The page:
I have to say that Richard's conclusions about the BU jack are spot on, 100%.
Does this mean I am recanting my endorsement of this tool? Absolutely not.
|This plane is really great at end grain.|
What about the rest?
|Can one joint with this plane?|
|This thing works great shooting end grain. Did I already say that?|
Well, I have to say that while those other planes do better at those tasks than this plane, the BU jack will indeed do them all.
|I almost always do all my jointing with this plane.|
I had noticed that many great woodworkers had recommended "beginner's tool sets" that required many thousands of dollars to fill out before a beginning student could feel like they could do "proper" woodworking.
I thought that was baloney then, and I think it is baloney now. A jack plane (whether BU or bevel down, new or vintage), is a great first tool to get because of the versatility.
Other tools work better for those everyday tasks, but one plane instead of four can be a deal maker for a beginner.
After my exclusive use of this plane for the time I used it, I found out that "plane monogamy" (as Christopher Schwarz puts it), is a wonder.
Face it, there are all kinds of situations where even the largest hand tool shops require making a plane do a bit more than what's in it's name.
To be able to do these amazing tricks with a plane, one really, REALLY needs to know their tool.
I learned that it really is true that you can't buy skill by purchasing a new tool. One should learn how far they can push (get it?) a tool they have before deciding if another is needed in their situation.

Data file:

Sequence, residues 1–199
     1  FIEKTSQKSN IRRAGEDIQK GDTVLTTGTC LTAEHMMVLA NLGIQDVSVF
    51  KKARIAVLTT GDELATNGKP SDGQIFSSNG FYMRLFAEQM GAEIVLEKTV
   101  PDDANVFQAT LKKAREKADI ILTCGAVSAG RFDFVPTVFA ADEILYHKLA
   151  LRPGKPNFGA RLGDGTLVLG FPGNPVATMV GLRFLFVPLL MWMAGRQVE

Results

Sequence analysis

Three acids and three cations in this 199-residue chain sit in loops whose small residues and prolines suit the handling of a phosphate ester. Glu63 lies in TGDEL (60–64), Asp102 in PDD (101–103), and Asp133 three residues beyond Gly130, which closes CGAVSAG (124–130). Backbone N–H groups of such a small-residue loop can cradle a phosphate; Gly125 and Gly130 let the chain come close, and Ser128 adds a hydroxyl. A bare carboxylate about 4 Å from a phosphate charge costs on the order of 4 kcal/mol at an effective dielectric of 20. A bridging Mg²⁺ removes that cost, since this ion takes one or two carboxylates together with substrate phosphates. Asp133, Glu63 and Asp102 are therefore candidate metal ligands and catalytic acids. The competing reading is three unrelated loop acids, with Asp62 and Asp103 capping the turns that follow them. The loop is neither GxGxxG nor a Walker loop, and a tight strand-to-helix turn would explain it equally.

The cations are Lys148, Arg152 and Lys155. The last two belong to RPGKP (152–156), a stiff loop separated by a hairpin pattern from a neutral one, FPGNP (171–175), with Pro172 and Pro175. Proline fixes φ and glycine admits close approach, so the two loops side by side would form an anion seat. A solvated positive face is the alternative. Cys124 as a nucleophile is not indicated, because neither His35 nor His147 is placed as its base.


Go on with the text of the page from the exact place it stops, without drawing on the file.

|Plus, using the same tool is faster: you already have it out.|
For rough work, I do my best to avoid having to thickness stock very much. My wooden jack plane with an eight inch camber on the blade hogs off wood like crazy and in no time flat. A BU plane is difficult to put a camber on the blade because of the angle of the bed. Taking 1/16" thick or thicker shavings isn't going to happen.
It will take medium sized shavings. If your wood is roughly the thickness you need it, and mostly flat to start with, it is a breeze to bring it to good working dimensions with this plane.
For fine smoothing, again, choose your wood wisely. This plane will easily achieve a finish quality surface without much work. Even without going crazy with steep sharpening angles. Make sure the blade is as sharp as you can get it, and you will be fine. At least until you try to plane against the grain. Even then, lighten the cut a little more and close the adjustable mouth as tight as you can.
For jointing, I find this plane to be long enough to joint nearly anything I can throw at it accurate enough for gluing up a panel. It does take some skill. One will get good at making edges flat eventually with this tool. Just keep checking with a good straight edge, and practice removing the parts that aren't flat. Follow that up with a fine shaving from one end to the other. I find it rare that I need to pull a jointer out for edge jointing anymore.